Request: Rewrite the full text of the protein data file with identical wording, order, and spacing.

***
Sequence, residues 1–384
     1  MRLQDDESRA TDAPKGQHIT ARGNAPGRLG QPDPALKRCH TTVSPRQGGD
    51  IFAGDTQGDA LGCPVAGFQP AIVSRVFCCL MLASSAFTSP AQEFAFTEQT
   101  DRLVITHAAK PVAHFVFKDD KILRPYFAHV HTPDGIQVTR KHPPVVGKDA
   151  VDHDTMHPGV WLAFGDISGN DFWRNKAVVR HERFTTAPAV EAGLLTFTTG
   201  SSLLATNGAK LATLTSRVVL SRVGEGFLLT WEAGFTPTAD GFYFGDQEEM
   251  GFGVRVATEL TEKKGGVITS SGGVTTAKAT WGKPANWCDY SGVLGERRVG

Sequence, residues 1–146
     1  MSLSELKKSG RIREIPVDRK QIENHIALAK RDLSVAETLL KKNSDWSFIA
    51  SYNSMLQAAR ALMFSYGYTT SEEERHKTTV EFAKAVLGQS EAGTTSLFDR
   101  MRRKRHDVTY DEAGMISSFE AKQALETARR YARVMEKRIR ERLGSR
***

Sequence, residues 1–384
     1  MRLQDDESRA TDAPKGQHIT ARGNAPGRLG QPDPALKRCH TTVSPRQGGD
    51  IFAGDTQGDA LGCPVAGFQP AIVSRVFCCL MLASSAFTSP AQEFAFTEQT
   101  DRLVITHAAK PVAHFVFKDD KILRPYFAHV HTPDGIQVTR KHPPVVGKDA
   151  VDHDTMHPGV WLAFGDISGN DFWRNKAVVR HERFTTAPAV EAGLLTFTTG
   201  SSLLATNGAK LATLTSRVVL SRVGEGFLLT WEAGFTPTAD GFYFGDQEEM
   251  GFGVRVATEL TEKKGGVITS SGGVTTAKAT WGKPANWCDY SGVLGERRVG

Sequence, residues 1–146
     1  MSLSELKKSG RIREIPVDRK QIENHIALAK RDLSVAETLL KKNSDWSFIA
    51  SYNSMLQAAR ALMFSYGYTT SEEERHKTTV EFAKAVLGQS EAGTTSLFDR
   101  MRRKRHDVTY DEAGMISSFE AKQALETARR YARVMEKRIR ERLGSR